g The Film Panel Notetaker: A Frenzy of Nonfiction Films at IFC Center

Wednesday, May 14, 2008

A Frenzy of Nonfiction Films at IFC Center

Q&A after screening of Barbara Kopple's My Generation at IFC Center.

This week I saw some really incredible nonfiction films at IFC Center. Monday night was a travelling festival of short documentary films called doxita, and last night was Barbara Kopple's 2000 feature documentary My Generation, about all of the Woodstock music festivals (1969, '94 & '99), which played as part of the Stranger Than Fiction series co-presented by the Woodstock Film Festival (taking place Oct. 1-5, 2008).

The six amazing little documentaries that made up doxita completely transfixed me into another world. All telling such simple, yet profound mostly personal stories from around the globe. The films included:

Vángelo Monzón (Argentina/Sweden, Andréas Lennartsson, 8 min.) - A visit with Vángelo Monzón who's been making bricks in Argentina since he was a boy.

Cross your Eyes, Keep them Wide (USA, Ben Wu, 23 min.) - An invitation into the San Francisco "Creativity Explored," a work space for artists with development disablilities

The Guarantee (USA, Jesse Epstein, 10 min.) - Through animated drawings, a man tells how he considered plastic surgery for his ballet career.

El Cerco (Spain, Ricardo Iscar/Nacho Martin, 16 min. ) - A breathtaking look at tuna fishing in the Mediterranean sea where the fight is a ritual of blood and death.

Martin Thomas (UK/Wales, Dylan Wyn Thomas, 31 min. ) - The sometimes painful yet ultimately joyous journey of one man's quest to stop his stammer.

Shit and Chicks (The Netherlands, Kees van der Geest, 10 min. ) - A portrait of a traditional method of feeding chickens in Ghana, done with gentle restraint.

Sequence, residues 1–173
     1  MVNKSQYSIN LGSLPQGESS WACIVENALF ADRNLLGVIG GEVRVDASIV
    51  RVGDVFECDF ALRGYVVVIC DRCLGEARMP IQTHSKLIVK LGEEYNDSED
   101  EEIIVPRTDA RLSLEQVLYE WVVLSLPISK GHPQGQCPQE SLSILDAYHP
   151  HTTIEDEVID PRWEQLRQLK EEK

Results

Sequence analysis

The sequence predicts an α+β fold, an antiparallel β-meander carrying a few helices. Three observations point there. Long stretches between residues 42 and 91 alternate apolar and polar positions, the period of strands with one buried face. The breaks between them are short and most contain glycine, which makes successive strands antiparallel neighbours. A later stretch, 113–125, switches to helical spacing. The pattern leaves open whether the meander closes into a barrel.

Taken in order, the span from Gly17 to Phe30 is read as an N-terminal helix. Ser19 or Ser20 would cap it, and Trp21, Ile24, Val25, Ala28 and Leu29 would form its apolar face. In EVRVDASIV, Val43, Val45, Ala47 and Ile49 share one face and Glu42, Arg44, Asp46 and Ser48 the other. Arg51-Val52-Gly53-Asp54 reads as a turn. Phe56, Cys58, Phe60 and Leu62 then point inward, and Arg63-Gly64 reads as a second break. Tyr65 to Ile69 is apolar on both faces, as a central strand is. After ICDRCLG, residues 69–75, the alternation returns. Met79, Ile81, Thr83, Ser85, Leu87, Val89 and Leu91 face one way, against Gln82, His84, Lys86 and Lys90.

To top that off, I really enjoyed watching the transition of music and generations from the late 1960s to the 1990s all in under two hours during the screening of Kopple's My Generation. Kopple was in attendance and did a Q&A along with the producer of all the Woodstocks, Michael Lang, who had asked her back in 1994 if she wanted to make a documentary about the 25th anniversary music festival. Kopple said that since the festival was being funded primarily by Polygram Records and the festival was going over budget, the film itself was nearly not made. Kopple said she wouldn't have that and somehow managed to work on it for the next five years up through next festival in 1999.

When asked if it was a problem getting the rights to the music for her film, Kopple said that Polygram already had the rights for the music in 1994. It was more difficult getting rights from Warner Bros. for the music from 1969. In 1999, she went individually to each band. For instance, she spent nearly six months leaving pleading messages with Fred Durst of Limp Bizkit. The experience to her was difficult, but well worth it.

Lang was asked what he thought while watching the film go from one era to the next and how he picked the bands to play each time around. He responded that when you look at such a long period of time, you see how you have changed. Things that felt the same from the first Woodstock through the last are the emotions. The different generations blended so easily together. In 1999, the kids who attended Woodstock felt lost. It was two years before 9/11 when the world would change again. The experiences from the first festival was similar to the later festivals in that the experience was re-created for a new generation. And as for the music, Lang picked the bands to perform in 1969 that he liked, while in '94 and '99, he picked the bands that both he and his kids liked.

Finally, Lang was asked what he felt about Woodstock '94 and '99 being sponsored by corporations. He said he would have preferred not to have corporate involvement, but there's a reality to making this happen. Had they not had those sponsors, tickets probably would have been as much as $300 a piece.

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